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Great Gustav- Nazi created the largest and deadliest gun in the world! …

Neil Patrick

In order to conquer the world, the Nazi had to create superior and devastating weapons, ones that the allies could not match. Naturally, those weapons had to be bigger than anything ever seen. Luckily for the allied troops, some of those weapons were only left as mere plans and never saw the light of the day. However, there are few scary weapons the Nazi managed to produce. One of those is the largest and the deadliest gun the world- the Great Gustav.

Originally called Schwerer Gustav (Heavy Gustaf), this was the biggest artillery weapon ever to be used in combat, and it fired the heaviest shells ever known. Great Gustav was built prior to the occupation of France, and its role was to penetrate the fortified walls of French Maginot Line. The Nazi needed a gun that could punch through one meter of reinforced steel wall, or seven meters of reinforced concrete walls, and be beyond the reach of the French artillery at the same time.

The best producers of weapons had to be hired for the construction of this gun. Krupp, the most prominent and most powerful company at the time, was once again assigned the task. Krupp was a 400 years old company, based in Essen. The company played important roles in both the Wolrd Wars, as one of the biggest producers of artillery, shells, ammunition and other steel products. Krupp’s variety of products were enormous, as they even produced U-boats, battleships, howitzers and hundreds of other items.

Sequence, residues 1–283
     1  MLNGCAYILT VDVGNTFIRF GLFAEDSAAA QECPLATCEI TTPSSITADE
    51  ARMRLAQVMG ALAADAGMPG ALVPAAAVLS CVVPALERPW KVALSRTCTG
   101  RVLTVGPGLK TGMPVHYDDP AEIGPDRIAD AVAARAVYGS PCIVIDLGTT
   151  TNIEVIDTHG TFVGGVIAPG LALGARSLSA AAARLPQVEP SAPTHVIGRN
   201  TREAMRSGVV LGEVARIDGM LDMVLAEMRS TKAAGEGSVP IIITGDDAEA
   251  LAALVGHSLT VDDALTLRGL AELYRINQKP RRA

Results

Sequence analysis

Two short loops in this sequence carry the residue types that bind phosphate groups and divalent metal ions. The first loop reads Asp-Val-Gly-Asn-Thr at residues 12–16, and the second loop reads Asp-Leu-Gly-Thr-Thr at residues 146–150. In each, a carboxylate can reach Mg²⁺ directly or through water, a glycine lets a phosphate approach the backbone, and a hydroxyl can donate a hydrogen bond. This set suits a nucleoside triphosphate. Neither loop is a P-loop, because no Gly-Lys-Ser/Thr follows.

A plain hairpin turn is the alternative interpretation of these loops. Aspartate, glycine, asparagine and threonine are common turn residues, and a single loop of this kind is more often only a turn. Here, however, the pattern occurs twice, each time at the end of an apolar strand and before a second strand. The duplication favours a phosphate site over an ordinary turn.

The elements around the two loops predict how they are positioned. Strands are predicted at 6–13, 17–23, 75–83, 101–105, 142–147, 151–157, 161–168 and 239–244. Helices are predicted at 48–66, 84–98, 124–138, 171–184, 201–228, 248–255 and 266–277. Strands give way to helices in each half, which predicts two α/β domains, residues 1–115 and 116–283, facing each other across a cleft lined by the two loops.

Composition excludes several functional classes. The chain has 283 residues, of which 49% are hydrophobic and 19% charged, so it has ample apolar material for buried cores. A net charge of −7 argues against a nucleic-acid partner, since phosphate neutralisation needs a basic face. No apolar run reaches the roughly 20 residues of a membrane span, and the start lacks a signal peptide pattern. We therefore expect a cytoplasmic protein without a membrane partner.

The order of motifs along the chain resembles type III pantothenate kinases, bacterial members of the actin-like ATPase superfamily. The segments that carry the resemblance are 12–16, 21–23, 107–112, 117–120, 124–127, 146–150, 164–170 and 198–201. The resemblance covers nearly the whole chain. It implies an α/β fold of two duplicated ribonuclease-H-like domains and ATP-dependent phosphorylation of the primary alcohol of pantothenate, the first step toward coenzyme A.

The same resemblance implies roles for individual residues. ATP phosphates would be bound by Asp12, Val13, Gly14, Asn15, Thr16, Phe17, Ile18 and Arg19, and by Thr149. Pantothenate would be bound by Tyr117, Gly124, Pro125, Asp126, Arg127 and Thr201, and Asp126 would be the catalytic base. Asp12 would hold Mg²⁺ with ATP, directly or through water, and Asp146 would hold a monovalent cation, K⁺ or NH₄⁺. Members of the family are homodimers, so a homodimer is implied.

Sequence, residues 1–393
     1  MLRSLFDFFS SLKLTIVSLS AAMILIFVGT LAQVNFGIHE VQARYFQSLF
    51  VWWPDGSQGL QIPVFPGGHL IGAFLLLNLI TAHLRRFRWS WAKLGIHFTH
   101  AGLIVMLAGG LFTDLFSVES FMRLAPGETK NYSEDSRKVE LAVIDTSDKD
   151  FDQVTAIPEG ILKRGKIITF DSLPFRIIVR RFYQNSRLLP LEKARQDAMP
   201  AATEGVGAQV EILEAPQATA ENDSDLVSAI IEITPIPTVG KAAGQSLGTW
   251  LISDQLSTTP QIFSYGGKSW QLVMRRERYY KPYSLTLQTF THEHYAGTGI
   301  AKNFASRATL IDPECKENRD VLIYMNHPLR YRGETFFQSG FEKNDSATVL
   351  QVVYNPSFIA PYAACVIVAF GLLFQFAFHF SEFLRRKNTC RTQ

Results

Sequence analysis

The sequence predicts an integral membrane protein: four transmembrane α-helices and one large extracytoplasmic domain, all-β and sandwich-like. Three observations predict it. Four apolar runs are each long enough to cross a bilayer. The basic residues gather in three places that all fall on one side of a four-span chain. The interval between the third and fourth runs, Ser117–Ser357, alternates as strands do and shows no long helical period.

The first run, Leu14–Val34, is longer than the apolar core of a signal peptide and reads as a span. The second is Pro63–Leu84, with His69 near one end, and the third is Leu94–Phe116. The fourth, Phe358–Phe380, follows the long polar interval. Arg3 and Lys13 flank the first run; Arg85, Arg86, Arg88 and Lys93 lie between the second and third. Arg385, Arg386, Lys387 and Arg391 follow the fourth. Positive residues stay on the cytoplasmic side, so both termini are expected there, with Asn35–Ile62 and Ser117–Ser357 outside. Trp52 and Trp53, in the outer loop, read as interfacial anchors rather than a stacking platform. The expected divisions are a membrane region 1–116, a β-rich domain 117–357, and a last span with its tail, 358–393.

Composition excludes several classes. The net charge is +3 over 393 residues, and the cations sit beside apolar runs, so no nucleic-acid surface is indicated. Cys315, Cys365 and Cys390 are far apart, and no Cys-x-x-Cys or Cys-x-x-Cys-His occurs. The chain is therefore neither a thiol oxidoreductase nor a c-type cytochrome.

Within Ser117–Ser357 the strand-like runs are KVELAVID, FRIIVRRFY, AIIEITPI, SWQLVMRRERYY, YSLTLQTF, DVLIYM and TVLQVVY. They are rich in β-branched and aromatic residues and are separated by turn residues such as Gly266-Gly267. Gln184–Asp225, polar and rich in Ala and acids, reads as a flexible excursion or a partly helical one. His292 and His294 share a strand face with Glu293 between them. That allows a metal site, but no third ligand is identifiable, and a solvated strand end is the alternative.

Gustav model railway gun  Photo Credit

Gustav model railway gun  Photo Credit

Grenade used by Schwerer Gustav, exposed to ‘ Imperial War Museum Photo Credit

Grenade used by Schwerer Gustav, exposed to ‘ Imperial War Museum Photo Credit

Schwerer Gustav shell Photo Credit

Schwerer Gustav shell Photo Credit

The contract was made in 1934, but nothing happened until 1936. until Hitler himself visited the factory in Essen. He needed the gun finished until 1940, and the plans were given by the company in 1937. After the approval of the design by the Nazi, Krupp began the production in the middle of 1937. However, a tank of that enormous size required more time to be built, so it became clear that the product could not be delivered until 1940.

The engineer Erich Müller was put to the task. His calculations said that the Nazi will need a weapon with a caliber of at least 80 cm and could fire a projectile with the weight of 7 tons, fired from a 30 meters long barrel.  The weapon’s weight itself would be over 1000 tons, and it had to be mobile at the same time. Krupp designed the weapon as a railway gun because that was the only way to move it. Great Gustav was supposed to move on a selected curved line of rails, and the first plans of Krupp included weapons with the calibers of 70 cm, 80 cm, 85 cm and 1 meter.